The Palisades Interstate Parkway
) is a 38.25-mile (61.56 km) long limited-access highway
in the U.S. states
of New Jersey
and New York
. The parkway is a major commuter
route into New York City
counties in New York and Bergen County
in New Jersey. The southern terminus of the route is at the George Washington Bridge
in Fort Lee, New Jersey
, where it connects to Interstate 95
(I-95), U.S. Route 1–9
(US 1–9), US 46
and Route 4
. Its northern terminus is at a traffic circle
in Fort Montgomery, New York
, where the PIP meets US 9W
and US 202
at the Bear Mountain Bridge
. At exit 18, the PIP forms a concurrency
with US 6
for the duration of its run.
The route is named for the New Jersey Palisades, a line of cliffs rising along the western side of the Hudson River. In New Jersey, the parkway is designated, but not signed as, Route 445. A short spur in Fort Lee is designated, but not signed as, Route 445S. In New York, the roadway is designated New York State Route 987C (NY 987C), an unsigned reference route. As with most parkways in the New York metropolitan area, commercial traffic is prohibited from using the PIP. The Palisades Interstate Parkway was built from 1947–1958, and fully opened to traffic on August 28, 1958.
George Brinton McClellan
(December 3, 1826 – October 29, 1885) was a major general
during the American Civil War
. He organized the famous Army of the Potomac
and served briefly (November 1861 to March 1862) as the general-in-chief
of the Union Army
. Early in the war, McClellan played an important role in raising a well-trained and organized army for the Union
. Although McClellan was meticulous in his planning and preparations, these characteristics may have hampered his ability to challenge aggressive opponents in a fast-moving battlefield environment. He chronically overestimated the strength of enemy units and was reluctant to apply principles of mass, frequently leaving large portions of his army unengaged at decisive points.
McClellan's Peninsula Campaign in 1862 ended in failure, with retreats from attacks by General Robert E. Lee's smaller Army of Northern Virginia and an unfulfilled plan to seize the Confederate capital of Richmond. His performance at the bloody Battle of Antietam blunted Lee's invasion of Maryland, but allowed Lee to eke out a precarious tactical draw and avoid destruction, despite being outnumbered. As a result, McClellan's leadership skills during battles were questioned by U.S. President Abraham Lincoln, who eventually removed him from command, first as general-in-chief, then from the Army of the Potomac. Lincoln offered this famous evaluation of McClellan: "If he can't fight himself, he excels in making others ready to fight." Indeed, McClellan was the most popular of that army's commanders with its soldiers, who felt that he had their morale and well-being as paramount concerns.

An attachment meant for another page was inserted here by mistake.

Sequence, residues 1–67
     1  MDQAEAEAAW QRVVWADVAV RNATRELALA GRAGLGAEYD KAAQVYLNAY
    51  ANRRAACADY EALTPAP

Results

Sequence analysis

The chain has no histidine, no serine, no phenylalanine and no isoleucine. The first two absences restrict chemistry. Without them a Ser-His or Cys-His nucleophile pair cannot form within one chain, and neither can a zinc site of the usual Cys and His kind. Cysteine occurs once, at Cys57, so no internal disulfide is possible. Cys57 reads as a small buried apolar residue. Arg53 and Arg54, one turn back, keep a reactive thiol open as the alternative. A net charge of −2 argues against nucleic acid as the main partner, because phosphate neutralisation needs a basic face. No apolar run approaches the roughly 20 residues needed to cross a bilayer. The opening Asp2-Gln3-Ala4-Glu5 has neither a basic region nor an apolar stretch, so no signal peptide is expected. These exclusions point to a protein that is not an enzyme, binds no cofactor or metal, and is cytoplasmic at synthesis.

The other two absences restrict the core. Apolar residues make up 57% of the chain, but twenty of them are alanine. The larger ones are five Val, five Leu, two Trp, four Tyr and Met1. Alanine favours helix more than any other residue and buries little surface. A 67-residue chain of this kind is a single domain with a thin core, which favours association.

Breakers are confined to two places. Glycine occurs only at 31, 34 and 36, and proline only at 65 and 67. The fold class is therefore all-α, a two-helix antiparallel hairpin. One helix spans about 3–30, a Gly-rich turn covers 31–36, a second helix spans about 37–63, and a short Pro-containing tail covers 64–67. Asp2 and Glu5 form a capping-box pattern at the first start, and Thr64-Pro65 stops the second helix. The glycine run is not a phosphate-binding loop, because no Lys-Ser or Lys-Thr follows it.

General McClellan also failed to maintain the trust of Lincoln, and proved to be frustratingly derisive of, and insubordinate to, his commander-in-chief. After he was relieved of command, McClellan became the unsuccessful Democratic nominee opposing Lincoln in the 1864 presidential election. His party had an anti-war platform, promising to end the war and negotiate with the Confederacy, which McClellan was forced to repudiate, damaging the effectiveness of his campaign. He served as the 24th Governor of New Jersey from 1878 to 1881. He eventually became a writer, defending his actions during the Peninsula Campaign and the Civil War.
Although the majority of modern authorities assess McClellan as a poor battlefield general, a small but vocal faction of historians maintain that he was a highly capable commander, but his reputation suffered unfairly at the hands of pro-Lincoln partisans who needed a scapegoat for the Union's setbacks. His legacy therefore defies easy categorization. After the war, Ulysses S. Grant was asked to evaluate McClellan as a general. He replied, "McClellan is to me one of the mysteries of the war."